Ofcom report – Monitoring compliance with the EU Net Neutrality regulationGulistan Ladha
The EU Regulation on open internet access (the Open Internet Regulation) requires the safeguarding of equal and non-discriminatory treatment of traffic and related end-users’ right when providing internet access services. BEREC recently published guidelines on the implementation by national regulators of European net neutrality rules, which requires regulatory authorities such as Ofcom to apply the regulation in a consistent manor. Ofcom must also publish regular reports. The latest report covers the year ending April 2020.
The four areas under the regulation are:
- Monitoring the quality of internet access services.
- Safeguarding open internet access and traffic management.
- Transparency measures.
- Complaints and remedies.
- Quality – an improvement in fixed internet access services.
- Connectivity – broadband and mobile networks coped during the peak of COVID-19 and people stayed connected.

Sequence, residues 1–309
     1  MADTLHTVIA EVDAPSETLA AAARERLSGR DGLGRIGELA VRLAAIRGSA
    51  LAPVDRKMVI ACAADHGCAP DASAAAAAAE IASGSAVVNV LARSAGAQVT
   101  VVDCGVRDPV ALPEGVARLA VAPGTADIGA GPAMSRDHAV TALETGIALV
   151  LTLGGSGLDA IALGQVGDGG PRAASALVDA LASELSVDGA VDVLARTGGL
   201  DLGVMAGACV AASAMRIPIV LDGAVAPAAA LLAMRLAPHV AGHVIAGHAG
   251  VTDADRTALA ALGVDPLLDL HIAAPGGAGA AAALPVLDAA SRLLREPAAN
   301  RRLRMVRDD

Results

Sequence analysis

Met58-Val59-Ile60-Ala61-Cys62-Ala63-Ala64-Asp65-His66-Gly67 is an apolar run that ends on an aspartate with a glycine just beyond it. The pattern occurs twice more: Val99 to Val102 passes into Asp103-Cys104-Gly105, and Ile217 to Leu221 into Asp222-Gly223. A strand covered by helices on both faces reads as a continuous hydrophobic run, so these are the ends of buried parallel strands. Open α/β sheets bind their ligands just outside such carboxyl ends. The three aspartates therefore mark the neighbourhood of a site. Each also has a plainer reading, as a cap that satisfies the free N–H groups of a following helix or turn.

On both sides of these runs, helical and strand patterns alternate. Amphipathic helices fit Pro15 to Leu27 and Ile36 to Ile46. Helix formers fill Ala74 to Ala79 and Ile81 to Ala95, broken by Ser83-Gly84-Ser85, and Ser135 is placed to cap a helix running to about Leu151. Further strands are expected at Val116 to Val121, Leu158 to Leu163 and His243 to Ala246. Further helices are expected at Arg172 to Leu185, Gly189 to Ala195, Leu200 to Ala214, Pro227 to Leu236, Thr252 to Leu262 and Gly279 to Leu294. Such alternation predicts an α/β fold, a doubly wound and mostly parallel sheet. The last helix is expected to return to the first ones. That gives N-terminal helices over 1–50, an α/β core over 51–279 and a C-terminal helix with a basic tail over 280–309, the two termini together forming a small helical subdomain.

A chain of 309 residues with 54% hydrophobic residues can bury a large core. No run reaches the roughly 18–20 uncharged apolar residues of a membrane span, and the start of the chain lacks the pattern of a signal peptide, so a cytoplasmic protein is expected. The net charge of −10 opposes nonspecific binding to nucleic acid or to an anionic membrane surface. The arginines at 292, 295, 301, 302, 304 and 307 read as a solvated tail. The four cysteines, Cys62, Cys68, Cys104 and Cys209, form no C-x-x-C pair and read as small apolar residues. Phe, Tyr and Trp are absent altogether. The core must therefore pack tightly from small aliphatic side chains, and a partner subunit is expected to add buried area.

- Transparency of broadband speeds – codes of practices are working well and no new cases raised.
- Open Internet Regulation – since closing three investigations in 2019 Ofcom has not identified new cases of concern regarding ISP’s traffic management practices. Ofcom published a framework setting out its approach to assessing compliance with aspects of the regulation, including a Traffic Management Framework which has helped ISPs in self-assessing any current or future traffic management measures that they may be considering.
- Zero-rating – Ofcom concluded initial reviews of two zero-rating offers. As a result of COVID-19, a number of mobile providers gave customers free online access to the latest NHS health information and agreed to remove data charges for people accessing certain websites (e.g. providing support to victims of abuse).
- Specialised services – no situations where the rules present a challenge.
Fixed broadband network internet access services quality:
- Sync speeds – an upward trend of average download speeds from just over 49Mbits/s in 2018 to 61Mbit/s in 2019.
- Mean average actual speeds – average download speeds increasing by 18% to 64.0 Mbit/s and average upload speeds increasing to 14.0 Mbit/s. This is due to the growing availability and take-up of superfast and ultrafast fibre and cable services.
- Peak time download speeds – improvement compared to 2018 (with unchanged average maximum speed). In 2019 the figure was 62.9 Mbit/s, 96% of the average maximum speed.